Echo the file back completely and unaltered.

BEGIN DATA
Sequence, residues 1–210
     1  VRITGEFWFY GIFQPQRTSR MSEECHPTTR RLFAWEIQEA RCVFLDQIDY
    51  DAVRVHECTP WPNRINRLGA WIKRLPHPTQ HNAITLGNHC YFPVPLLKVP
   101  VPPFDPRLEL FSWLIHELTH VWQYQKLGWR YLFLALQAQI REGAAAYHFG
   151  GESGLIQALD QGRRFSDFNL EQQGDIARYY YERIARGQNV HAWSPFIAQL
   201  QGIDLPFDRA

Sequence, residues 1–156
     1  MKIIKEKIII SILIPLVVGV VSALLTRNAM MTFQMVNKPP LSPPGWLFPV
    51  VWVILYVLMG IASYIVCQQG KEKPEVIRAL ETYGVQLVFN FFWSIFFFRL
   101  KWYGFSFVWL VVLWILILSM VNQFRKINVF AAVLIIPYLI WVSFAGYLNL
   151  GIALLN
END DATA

Sequence, residues 1–210
     1  VRITGEFWFY GIFQPQRTSR MSEECHPTTR RLFAWEIQEA RCVFLDQIDY
    51  DAVRVHECTP WPNRINRLGA WIKRLPHPTQ HNAITLGNHC YFPVPLLKVP
   101  VPPFDPRLEL FSWLIHELTH VWQYQKLGWR YLFLALQAQI REGAAAYHFG
   151  GESGLIQALD QGRRFSDFNL EQQGDIARYY YERIARGQNV HAWSPFIAQL
   201  QGIDLPFDRA

Sequence, residues 1–156
     1  MKIIKEKIII SILIPLVVGV VSALLTRNAM MTFQMVNKPP LSPPGWLFPV
    51  VWVILYVLMG IASYIVCQQG KEKPEVIRAL ETYGVQLVFN FFWSIFFFRL
   101  KWYGFSFVWL VVLWILILSM VNQFRKINVF AAVLIIPYLI WVSFAGYLNL
   151  GIALLN